After UCLA won every nonconference game, it was dismissed as having persevered through a soft schedule.
After UCLA beat winless Colorado, the college football world continued to shrug.
After UCLA toppled nationally ranked Washington, some buzz finally started to build.
On Saturday afternoon, a new narrative might have formed: Maybe there’s no better team in the Pac-12 Conference.
Having gone from disregarded to dominant, the No. 18 Bruins knocked off the defending conference champions in convincing fashion, their 42-32 victory over No. 11 Utah at the Rose Bowl not fully reflected in the final score.
On the day he became UCLA’s all-time leader in touchdown passes, Dorian Thompson-Robinson’s final throw was intercepted and returned for a Utes touchdown.
This was all Bruins.
Their offense was so dominant from late in the first quarter onward that it almost seemed a surprise when it didn’t score. Their defense forced two turnovers and got the stops it needed. Their special teams produced two kickoff returns that almost went for touchdowns.
It added up to the biggest victory of the Chip Kelly era, just eight days after the same thing could have been said. Kelly was so cheery afterward that he accommodated the media for extra questions after a spokesman tried to end the interview session.
Who could blame him when every topic was upbeat?
What might have qualified as UCLA’s best performance followed what Kelly called its best week of practice.
“I told them, ‘If you fall in love with the process, the process will love you back,’ ” Kelly said of his message to his players. “And that’s what was on display.”
The Bruins (6-0 overall, 3-0 Pac-12) are now bowl-eligible but covet greater success than the top-10 ranking that one reporter suggested might be coming their way after their best start since winning their first eight games in 2005.
“We want more,” said Thompson-Robinson, who remained fiery in his postgame comments for a second consecutive week. “You said top 10. I want top five. Want top two. We want it all.”
UCLA’s nine-game winning streak going back to last season is their longest since they won a school-record 20 in a row over the 1997 and 1998 seasons. The Bruins also put an end to a five-game losing streak against the Utes (4-2, 2-1), beating them for the first time since 2015.
Utah had no answers for an offense that scored 35 points over the final three quarters thanks to the dual dominance of Thompson-Robinson and running back Zach Charbonnet.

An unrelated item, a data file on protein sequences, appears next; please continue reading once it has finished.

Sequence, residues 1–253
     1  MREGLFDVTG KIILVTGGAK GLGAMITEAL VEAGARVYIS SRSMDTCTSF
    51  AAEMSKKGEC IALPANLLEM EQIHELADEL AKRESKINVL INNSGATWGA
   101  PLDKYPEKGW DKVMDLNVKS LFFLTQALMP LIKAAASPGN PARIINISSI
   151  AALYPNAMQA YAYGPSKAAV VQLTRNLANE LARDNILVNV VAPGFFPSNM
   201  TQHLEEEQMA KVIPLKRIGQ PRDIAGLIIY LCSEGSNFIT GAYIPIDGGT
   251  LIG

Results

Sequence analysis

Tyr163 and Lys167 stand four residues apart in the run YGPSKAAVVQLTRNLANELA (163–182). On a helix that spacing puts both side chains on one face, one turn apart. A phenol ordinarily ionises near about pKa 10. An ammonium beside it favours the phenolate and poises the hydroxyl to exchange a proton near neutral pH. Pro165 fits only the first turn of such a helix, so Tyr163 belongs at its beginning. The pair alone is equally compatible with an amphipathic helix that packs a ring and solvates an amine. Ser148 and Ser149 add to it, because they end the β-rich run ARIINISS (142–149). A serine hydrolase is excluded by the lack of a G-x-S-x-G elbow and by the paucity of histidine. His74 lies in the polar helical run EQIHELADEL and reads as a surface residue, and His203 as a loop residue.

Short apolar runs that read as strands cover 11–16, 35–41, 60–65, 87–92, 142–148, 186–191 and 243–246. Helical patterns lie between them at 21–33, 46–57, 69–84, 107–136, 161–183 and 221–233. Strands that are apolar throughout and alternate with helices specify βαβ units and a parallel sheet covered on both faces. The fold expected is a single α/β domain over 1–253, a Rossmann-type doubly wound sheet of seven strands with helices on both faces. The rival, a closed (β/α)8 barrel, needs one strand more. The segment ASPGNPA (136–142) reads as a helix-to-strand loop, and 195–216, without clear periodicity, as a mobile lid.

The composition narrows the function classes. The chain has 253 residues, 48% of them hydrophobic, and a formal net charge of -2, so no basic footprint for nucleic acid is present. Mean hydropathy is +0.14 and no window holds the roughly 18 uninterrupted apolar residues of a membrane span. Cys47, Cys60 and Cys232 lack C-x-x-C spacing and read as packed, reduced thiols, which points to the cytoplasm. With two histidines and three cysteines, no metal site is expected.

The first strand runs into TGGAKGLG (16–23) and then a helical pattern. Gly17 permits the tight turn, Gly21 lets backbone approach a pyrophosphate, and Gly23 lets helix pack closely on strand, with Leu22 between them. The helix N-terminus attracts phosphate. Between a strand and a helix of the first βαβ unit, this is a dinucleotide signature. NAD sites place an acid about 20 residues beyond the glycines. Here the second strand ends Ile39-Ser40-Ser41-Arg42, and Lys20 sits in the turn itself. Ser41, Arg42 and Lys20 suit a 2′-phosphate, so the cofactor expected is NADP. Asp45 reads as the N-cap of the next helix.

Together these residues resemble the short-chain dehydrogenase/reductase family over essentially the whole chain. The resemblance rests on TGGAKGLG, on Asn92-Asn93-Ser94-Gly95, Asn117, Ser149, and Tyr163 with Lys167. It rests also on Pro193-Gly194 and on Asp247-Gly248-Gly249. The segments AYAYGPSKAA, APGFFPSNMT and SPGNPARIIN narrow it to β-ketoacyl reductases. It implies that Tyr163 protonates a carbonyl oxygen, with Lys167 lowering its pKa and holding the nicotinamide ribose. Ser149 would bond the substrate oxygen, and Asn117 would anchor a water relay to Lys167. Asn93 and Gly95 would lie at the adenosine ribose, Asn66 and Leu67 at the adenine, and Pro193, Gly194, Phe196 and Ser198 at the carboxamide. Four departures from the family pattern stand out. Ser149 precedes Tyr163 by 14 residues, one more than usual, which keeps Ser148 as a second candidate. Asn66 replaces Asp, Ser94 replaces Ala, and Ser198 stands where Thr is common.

In another nearly flawless performance that could launch him into Heisman Trophy consideration, Thompson-Robinson completed 18 of 23 passes for 299 yards and four touchdowns. Thompson-Robinson’s final touchdown throw, a short pass to Logan Loya that went for 70 yards after Loya turned on the afterburners, gave him 76 touchdowns for his career to top the record of 75 that Brett Hundley had compiled from 2012 to 2014.
“It’s great to have my name there,” Thompson-Robinson said before tears began to well in his eyes, his voice catching, “but I think the thing, the one that’s made me most emotional from right now, is seeing how happy my guys in my locker room were for me, the coaching staff, everybody that’s been here since I was a freshman, just rethinking all the hard times that I went through, all the bickering back and forth, all the transitioning going on throughout the program, again, I just can’t say how thankful I am and how grateful I am to be on this team right now.”
Charbonnet added a career-high 198 yards rushing and a touchdown in 22 carries, benefiting from sturdy blocking and his own shifty moves after breaking into the open field. Wide receiver Jake Bobo caught two touchdown passes, including one that he snagged just before planting a foot in the back of the end zone.
“Dorian dropped it in a bucket,” Bobo said, “where only I could get it.”
UCLA’s defense overcame the loss of safety Stephan Blaylock in the first quarter on a bizarre targeting penalty after Bruins linebacker Darius Muasau intercepted a pass, ending a Utah drive when the game looked as if it might be a defensive battle.
Craving another highlight, Muasau ended Utah’s final hopes of a comeback early in the fourth quarter when he stuck his helmet into quarterback Cam Rising’s midsection to force a fumble. Bruins cornerback Jaylin Davies picked up the ball and raced 37 yards to the Utah one-yard line, setting up a Charbonnet touchdown on the next play that increased UCLA’s lead to 42-25.
From there, the Bruins could have been forgiven for looking ahead to their next big game, at Oregon in two weeks.
Those objects that were behind UCLA in the rearview mirror not so long ago are no longer there.
For those who haven’t noticed, the Bruins appear to have fully turned the corner under Kelly.
©2022 Los Angeles Times. Visit at latimes.com. Distributed by Tribune Content Agency, LLC.